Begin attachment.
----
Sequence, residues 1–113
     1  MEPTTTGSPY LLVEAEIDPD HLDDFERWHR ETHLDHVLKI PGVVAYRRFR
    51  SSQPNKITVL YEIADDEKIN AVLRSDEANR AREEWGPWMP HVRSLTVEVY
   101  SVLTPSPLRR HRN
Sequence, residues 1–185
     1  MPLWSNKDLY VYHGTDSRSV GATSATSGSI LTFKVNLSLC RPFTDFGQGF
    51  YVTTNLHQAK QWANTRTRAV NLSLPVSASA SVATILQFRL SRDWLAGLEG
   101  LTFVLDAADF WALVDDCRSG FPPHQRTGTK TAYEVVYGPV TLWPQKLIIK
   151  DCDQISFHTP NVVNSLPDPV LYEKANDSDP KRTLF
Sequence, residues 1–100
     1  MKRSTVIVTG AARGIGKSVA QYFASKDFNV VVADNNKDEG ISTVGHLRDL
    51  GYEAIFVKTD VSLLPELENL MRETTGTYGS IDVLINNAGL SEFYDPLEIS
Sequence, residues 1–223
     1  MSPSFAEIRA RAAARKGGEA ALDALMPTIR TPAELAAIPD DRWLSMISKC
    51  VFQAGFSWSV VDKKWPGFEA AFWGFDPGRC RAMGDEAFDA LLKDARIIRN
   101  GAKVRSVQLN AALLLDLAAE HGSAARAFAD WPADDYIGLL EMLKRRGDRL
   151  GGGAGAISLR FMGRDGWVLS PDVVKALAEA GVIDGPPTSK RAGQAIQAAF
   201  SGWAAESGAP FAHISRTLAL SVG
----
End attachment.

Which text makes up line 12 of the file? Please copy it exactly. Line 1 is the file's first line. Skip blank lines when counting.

    51  GYEAIFVKTD VSLLPELENL MRETTGTYGS IDVLINNAGL SEFYDPLEIS